Tutoring sustainability: Understanding the views of school leaders

Emma Moore and Pippa Lord

21 June 2023

 Sample Information

The National Tutoring Programme (NTP) was introduced by the Department for Education (DfE) in the 2020-21 academic year to provide subsidised tuition to disadvantaged pupils and help close the attainment gap caused by school closures in response to Covid-19. The NTP is now in its third year and, attention is turning to the long-term sustainability of the NTP and the future of tutoring more widely.

This project used NFER’s Teacher Voice Omnibus survey to gather the views of 439 school leaders from a nationally representative sample of schools in England to understand:

  • The extent to which the NTP is offering additional value to schools and pupils.
  • The factors that influence the potential of tutoring to become a sustainable intervention that schools can use to improve attainment amongst disadvantaged pupils in the future, including senior leaders’ experiences of the NTP.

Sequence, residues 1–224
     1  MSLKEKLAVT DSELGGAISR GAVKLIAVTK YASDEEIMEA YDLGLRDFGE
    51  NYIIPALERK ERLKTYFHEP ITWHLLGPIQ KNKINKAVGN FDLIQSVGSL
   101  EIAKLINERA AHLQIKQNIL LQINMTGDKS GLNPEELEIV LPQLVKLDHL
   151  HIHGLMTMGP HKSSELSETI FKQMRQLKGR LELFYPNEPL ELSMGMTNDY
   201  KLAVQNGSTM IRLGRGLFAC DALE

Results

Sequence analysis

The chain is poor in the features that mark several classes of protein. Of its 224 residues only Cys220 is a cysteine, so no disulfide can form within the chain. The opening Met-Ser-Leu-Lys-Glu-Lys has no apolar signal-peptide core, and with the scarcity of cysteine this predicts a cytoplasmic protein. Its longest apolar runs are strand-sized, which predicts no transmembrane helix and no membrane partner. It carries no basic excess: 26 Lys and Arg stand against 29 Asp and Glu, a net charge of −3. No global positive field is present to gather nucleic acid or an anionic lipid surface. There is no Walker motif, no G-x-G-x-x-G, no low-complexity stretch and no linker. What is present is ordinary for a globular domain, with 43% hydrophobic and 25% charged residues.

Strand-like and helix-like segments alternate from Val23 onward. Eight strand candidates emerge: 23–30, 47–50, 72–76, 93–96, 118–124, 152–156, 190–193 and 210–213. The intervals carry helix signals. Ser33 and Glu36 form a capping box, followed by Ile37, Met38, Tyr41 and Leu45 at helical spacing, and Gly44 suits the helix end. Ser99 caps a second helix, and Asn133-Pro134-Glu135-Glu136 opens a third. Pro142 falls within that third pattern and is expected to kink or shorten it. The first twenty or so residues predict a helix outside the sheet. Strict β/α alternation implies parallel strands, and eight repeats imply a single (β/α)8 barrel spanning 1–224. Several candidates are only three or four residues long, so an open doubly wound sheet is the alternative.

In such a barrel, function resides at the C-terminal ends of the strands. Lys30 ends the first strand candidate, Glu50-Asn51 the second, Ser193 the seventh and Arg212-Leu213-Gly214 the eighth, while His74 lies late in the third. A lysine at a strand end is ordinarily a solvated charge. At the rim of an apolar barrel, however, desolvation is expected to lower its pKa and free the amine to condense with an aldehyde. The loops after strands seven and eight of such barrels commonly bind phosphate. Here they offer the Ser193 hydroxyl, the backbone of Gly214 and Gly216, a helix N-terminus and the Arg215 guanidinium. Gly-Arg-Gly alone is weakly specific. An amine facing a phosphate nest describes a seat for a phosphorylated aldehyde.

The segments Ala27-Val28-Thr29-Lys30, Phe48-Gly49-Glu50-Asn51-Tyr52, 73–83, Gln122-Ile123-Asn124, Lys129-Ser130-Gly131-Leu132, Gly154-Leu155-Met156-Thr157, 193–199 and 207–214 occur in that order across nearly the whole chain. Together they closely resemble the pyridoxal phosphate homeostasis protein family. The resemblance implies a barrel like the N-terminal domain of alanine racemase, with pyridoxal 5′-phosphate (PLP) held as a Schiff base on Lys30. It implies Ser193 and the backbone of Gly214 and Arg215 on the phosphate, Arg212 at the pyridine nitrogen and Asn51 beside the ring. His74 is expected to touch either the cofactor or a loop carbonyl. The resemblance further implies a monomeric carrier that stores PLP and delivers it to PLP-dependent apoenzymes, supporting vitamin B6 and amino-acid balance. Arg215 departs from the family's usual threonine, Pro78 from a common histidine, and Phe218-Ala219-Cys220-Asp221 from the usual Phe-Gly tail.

Key Findings

  • Among the 52 per cent of senior leaders currently using the NTP, almost all (91 per cent) reported that it has allowed them to offer support to more disadvantaged pupils, and more than two thirds (68 per cent) have been able to hire or use additional staff. We also found that three-quarters (76 per cent) of these leaders believe it is improving the attainment of disadvantaged pupils at their school, and nearly two-thirds (65 per cent) plan to continue using the NTP in the 2023-24 academic year. But nearly half (47 per cent) reported that their school only offers tutoring during normal lesson times.
  • NTP funding arrangements, the ability to source suitable tutors, administrative burden and time required to implement the NTP are barriers to sustainability, as they are reducing take up and/or causing drop-out from the programme.
  • More than half (61 per cent) of all senior leaders surveyed think that other types of support are more effective than tutoring for improving attainment amongst disadvantaged pupils, including 42 per cent of senior leaders planning to continue using the NTP next year.
  • Over half (58 per cent) of all senior leaders surveyed do not think that tutoring is a long-term solution to closing the attainment gap for disadvantaged pupils, including 46 per cent of those planning to continue delivering the NTP, and there are split opinions about the cost-effectiveness of tutoring.